Interview | Books Written In English Language May Soon Lose Readership – Manarakis.


Adamu Idris Manarakis is a budding indigenous Nupe writer. Fondly called the “Philosopher of Nupe Mathematics”, he is the founder of Eduko Nupe Language Foundation, Minna. In this interview with Abubakar Akote for The Arts-Muse Fair, Manarakis believes that books in indigenous languages are easier to comprehend by readers than those written in foreign languages like English. He also challenged ANA to pay more attention to works in indigenous languages as a way to promote our arts and cultures.

TAMF: When and how did you start writing?

MANARAKIS: I started writing in 2008 although my major area of interest is Mathematics because I am a Building Technology Professional. When I finished from Secondary School, I developed interest in writing Mathematics textbooks, which today have been written but still unpublished.

Before I ventured into writing, I had read a book, written by Paul Diner on how to be a successful Writer. I picked up my writing career after reading that book. I could remember vividly, a chapter in the book that says to be a successful writer you have two options: "either for profit or fame". I go for the two – fame and then profit. In that book, an Idea came to me to go back to children’s work that would earn me little income. So, I started writing children’s book.

TAMF: Why writing in indigenous language?

MANARAKIS: The idea to write in my native language, Nupe, came in 2010. I started writing in conventional English Language but whenever I write anything in a language that wasn’t mine, people mocked me though I didn’t feel deterred. I kept writing and from people’s criticisms, I was learning some things.

An incidence I have found difficult to forget was the first day I went to ANA Secretariat for their meetings and the Chairman of ANA ordered me to go out. I though ANA was an Association that accommodated everyone. Thanks to BM Dzukogi who saw me while leaving as he was coming in and asked me to go back. He said, "This house is for all of us."

Following that incidence, my interest in writing started eroding. In 2011, I had almost lost courage in writing because I felt the environment was not friendly enough for budding writers to flourish.

At the 2011 edition of the Annual Schools Carnival of Arts and Festival of Songs (ASCAFS) organized by ANA Niger, I saw a participant present a poem in Yoruba language. I was very attentive though I didn’t understand the language in which the poem was being presented. When I got home that fateful day, my conscience kept pricking me. I thought of it for a while and said if somebody could write in Yoruba language, his native language for a global audience, why can’t I do the same? I sat down, created my first poem in Nupe, and posted it online on facebook. To God be the glory, I received wonderful comments from readers. It was a kind of motivation to move on.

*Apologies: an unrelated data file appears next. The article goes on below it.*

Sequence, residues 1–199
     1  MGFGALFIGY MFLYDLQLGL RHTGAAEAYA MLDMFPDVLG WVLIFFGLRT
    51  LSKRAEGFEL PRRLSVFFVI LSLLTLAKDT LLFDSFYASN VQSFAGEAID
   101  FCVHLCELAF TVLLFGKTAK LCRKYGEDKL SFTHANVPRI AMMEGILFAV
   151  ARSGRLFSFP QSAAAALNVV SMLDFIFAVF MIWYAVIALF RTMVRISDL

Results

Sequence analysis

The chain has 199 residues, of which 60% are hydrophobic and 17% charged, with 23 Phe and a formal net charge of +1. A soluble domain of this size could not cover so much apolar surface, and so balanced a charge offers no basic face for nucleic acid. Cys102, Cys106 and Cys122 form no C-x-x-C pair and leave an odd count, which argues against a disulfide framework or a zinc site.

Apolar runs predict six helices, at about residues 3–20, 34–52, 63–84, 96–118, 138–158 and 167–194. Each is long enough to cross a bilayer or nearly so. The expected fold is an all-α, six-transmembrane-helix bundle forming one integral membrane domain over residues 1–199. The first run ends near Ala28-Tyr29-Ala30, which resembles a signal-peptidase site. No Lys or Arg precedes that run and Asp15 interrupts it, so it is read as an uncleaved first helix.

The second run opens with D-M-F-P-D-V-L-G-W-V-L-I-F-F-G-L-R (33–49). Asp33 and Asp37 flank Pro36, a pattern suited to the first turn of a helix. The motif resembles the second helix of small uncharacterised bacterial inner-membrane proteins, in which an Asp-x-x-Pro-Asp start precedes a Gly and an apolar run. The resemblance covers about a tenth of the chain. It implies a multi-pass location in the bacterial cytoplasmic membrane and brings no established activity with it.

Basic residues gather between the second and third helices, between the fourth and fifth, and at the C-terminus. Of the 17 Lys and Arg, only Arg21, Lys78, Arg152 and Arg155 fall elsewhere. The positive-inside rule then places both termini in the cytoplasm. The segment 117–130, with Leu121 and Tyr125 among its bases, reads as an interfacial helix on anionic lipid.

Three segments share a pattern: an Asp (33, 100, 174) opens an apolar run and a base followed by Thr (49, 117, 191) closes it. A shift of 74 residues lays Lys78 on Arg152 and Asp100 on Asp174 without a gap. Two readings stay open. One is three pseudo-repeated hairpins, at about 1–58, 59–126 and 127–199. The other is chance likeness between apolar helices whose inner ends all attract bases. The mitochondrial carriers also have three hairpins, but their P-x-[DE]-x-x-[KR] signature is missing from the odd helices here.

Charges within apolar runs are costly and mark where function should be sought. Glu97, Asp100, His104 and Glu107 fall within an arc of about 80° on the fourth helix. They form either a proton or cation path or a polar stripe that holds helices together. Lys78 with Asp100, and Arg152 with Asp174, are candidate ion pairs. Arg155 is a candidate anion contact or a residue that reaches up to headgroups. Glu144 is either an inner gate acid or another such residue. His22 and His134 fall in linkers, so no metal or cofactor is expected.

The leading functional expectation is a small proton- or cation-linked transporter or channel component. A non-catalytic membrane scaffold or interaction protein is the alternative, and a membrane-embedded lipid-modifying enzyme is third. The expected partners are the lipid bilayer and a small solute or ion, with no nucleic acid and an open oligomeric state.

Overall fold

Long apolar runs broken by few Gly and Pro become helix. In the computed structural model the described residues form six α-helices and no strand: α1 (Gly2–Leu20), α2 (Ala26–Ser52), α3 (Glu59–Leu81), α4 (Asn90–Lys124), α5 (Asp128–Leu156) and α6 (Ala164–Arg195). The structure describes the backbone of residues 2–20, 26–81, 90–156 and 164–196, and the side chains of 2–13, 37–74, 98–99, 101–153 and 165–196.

Adamu Idris Manarakis - 'Nupe Philosopher of Mathematics'
TAMF: How many book titles have you authored so far?

MANARAKIS: I am the author of Workbooks for nursery pupils per term (6) with about 20,000 copies published. I have published works like Mathematics (workbook), Technology workbook (for Junior Secondary School 1-3), 3000 copies published so far, Marriage Does Not Stop Schooling, Kayan Mata, Manarakis Junior, and Yekondunu: My Model (unpublished).

The books I have authored in my native language are: Ndagi Be  Nnagi, Soko Deke (50), and SHANBA NUPE. My unpublished works written in Nupe are  Egizhi Nya Soko,  Eye lashi Soko a,  Nupe Dictionary, Nupe Mathematics, Nupe poems, Nupe short stories, Nupe Quotations, Nupe Grammar and Nupe Science.

TAMF: What is your level of knowledge of syntax and other basic grammatical rules of Nupe language in which you are writing and how did you learn them?

MANARAKIS: As a writer, choosing the way to convince your readers or audience should always be the first thing to think of. In native languages, you don’t necessarily need to over focus on the rules of syntax. Your familiarity to the common words matters because readers don’t need to keep a dictionary beside them while reading a book. So, as far as I believe, just make your writing simple. That’s all.

TAMF: But do you know each language has a kind of syntactic rules that if not properly obeyed will distort the message a writer wants to convey?. Do you have an idea of those rules peculiar to the Nupe language?